If paperless is the way to go, why's there a need for signatures?

In digital age, when typing has replaced writing with hand, something as basic as signing can (sometimes) prove to be daunting


Sushmita Bose

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Closeup on fountain pen writing a signature realistic vector illustration
Closeup on fountain pen writing a signature realistic vector illustration

Published: Thu 23 Feb 2023, 7:53 PM

It’s been years since I’ve put pen to paper. Once upon a time, for people of my generation, pen and pencil used to be the only means to write: letters to grandparents, love notes to boyfriends/girlfriends, or examination answers on lined writing paper.

At the outset of my work life, computers were a scarce commodity; only really senior editors would be allowed access to them — and they weren’t even smart computers, they would keep crashing or the ‘floppy disks’ in which the copies were stored would get ‘corrupted’, and all hell would break loose, the ‘veterans’ would throw hissy fits and curse technology.

For the rest of us minions, we had to type out stories. On typewriters. But before we typed them, we wrote them in longhand first. Pens were much sought after. Pencils would get reduced to a stub with all the frantic sharpening.

Given that backdrop, it was easy to have a signature in place. You were writing all the time, so scribbling on a line that said ‘sign here’ was easy peasy. After a few years, we all graduated to computers; putting pen on paper became a much-diminished activity. But we always “took down” notes. And still handwrote on cards.

Cut to the 2020s. A few weeks ago, I was asked to sign on a bank paper. Now, the problem here was that it had to tally with the signature I had first recorded for the bank when I opened my account — bursting with officious pride — sometime in the 1990s.

My signature, down the ages, kept on changing, and today it’s a shadow of its former self. The curve of the S was more rounded; now it is sharper, like a hairpin bend. The way I lined my T earlier was straighter; now it’s crooked. The bee in my bonnet was the B: my surname starts with B, and my early B had a fat, pronounced lower belly; my current B’s belly is barely a whisp.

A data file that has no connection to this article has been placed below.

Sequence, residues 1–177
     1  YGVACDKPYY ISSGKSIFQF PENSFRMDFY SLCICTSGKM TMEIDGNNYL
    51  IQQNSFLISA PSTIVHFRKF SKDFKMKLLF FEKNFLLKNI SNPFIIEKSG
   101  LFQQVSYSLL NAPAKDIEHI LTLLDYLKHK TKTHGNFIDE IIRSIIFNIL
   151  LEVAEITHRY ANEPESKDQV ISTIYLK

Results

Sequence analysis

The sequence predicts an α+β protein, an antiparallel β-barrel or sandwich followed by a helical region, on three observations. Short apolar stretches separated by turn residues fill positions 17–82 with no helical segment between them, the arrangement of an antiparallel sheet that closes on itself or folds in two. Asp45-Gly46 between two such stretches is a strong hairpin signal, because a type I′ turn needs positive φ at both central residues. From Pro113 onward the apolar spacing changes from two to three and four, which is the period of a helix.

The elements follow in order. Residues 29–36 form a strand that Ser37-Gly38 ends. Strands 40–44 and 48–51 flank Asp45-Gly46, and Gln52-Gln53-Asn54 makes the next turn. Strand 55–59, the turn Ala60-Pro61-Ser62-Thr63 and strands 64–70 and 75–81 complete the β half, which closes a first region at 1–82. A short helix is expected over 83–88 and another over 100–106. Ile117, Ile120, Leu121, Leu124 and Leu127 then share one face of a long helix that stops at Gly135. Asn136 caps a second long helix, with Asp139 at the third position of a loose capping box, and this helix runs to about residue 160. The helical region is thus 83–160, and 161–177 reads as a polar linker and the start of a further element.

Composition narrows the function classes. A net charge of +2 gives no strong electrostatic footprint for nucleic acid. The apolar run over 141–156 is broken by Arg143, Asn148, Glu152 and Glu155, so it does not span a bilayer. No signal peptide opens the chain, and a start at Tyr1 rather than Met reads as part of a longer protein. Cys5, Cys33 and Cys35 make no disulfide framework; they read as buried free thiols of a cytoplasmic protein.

This will not do, my relationship manager told me sternly. “Your signatures — then and now — look totally different.”

What is the way out?

“You have to fill up a form… on this, you will attest that this one — the new one — is your current signature. And that one — the old one — was how you signed off earlier.”

“But you are asking me to put in my old signature — to show this is not what my new signature looks like! How do I replicate a signature that I’ve outgrown?”

She gave me a screenshot of my old signature. “Now copy this on the line that says ‘old signature’.”

Every time I failed to replicate the signature with its rounded S and obese B, I’d have to take a fresh printout and try my hand all over the again. After wasting reams of paper, I took a break and decided to sleep on it. In the morning, I sat down again, with a clear head, at my dining table, and proceeded to give it another shot. I managed to make a feeble copy of my old signature after much staring, one letter at a time. When I got to signing my new signature, I was suddenly besieged with doubt: what if I went back to the old one without realising it — since I had been scribbling my 90s’ “sign off” on ‘rough paper’?

Just to be on the safe side, I signed my new signature after taking a deep breath, and recalibrating the shape of the alphabets mentally.

The rigorous exercise got me thinking: if the world has conspired to make us paper-less, why is there a need for signatures to stand the test of time — like technology has not even paid us a visit?


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